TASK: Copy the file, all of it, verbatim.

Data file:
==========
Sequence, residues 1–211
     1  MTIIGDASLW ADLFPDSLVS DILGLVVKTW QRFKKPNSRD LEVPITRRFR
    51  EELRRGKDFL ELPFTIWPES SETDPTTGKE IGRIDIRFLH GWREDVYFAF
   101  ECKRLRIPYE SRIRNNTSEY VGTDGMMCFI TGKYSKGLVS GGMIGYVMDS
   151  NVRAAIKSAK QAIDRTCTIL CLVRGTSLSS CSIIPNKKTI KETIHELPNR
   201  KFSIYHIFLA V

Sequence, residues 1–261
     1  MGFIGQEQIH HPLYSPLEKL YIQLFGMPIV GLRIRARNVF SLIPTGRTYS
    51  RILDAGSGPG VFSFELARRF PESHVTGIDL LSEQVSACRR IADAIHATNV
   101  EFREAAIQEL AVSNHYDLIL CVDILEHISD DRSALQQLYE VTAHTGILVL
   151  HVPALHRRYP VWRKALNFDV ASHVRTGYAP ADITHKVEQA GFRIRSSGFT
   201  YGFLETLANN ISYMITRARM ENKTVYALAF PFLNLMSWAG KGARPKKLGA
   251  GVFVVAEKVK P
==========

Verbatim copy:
Sequence, residues 1–211
     1  MTIIGDASLW ADLFPDSLVS DILGLVVKTW QRFKKPNSRD LEVPITRRFR
    51  EELRRGKDFL ELPFTIWPES SETDPTTGKE IGRIDIRFLH GWREDVYFAF
   101  ECKRLRIPYE SRIRNNTSEY VGTDGMMCFI TGKYSKGLVS GGMIGYVMDS
   151  NVRAAIKSAK QAIDRTCTIL CLVRGTSLSS CSIIPNKKTI KETIHELPNR
   201  KFSIYHIFLA V

Sequence, residues 1–261
     1  MGFIGQEQIH HPLYSPLEKL YIQLFGMPIV GLRIRARNVF SLIPTGRTYS
    51  RILDAGSGPG VFSFELARRF PESHVTGIDL LSEQVSACRR IADAIHATNV
   101  EFREAAIQEL AVSNHYDLIL CVDILEHISD DRSALQQLYE VTAHTGILVL
   151  HVPALHRRYP VWRKALNFDV ASHVRTGYAP ADITHKVEQA GFRIRSSGFT
   201  YGFLETLANN ISYMITRARM ENKTVYALAF PFLNLMSWAG KGARPKKLGA
   251  GVFVVAEKVK P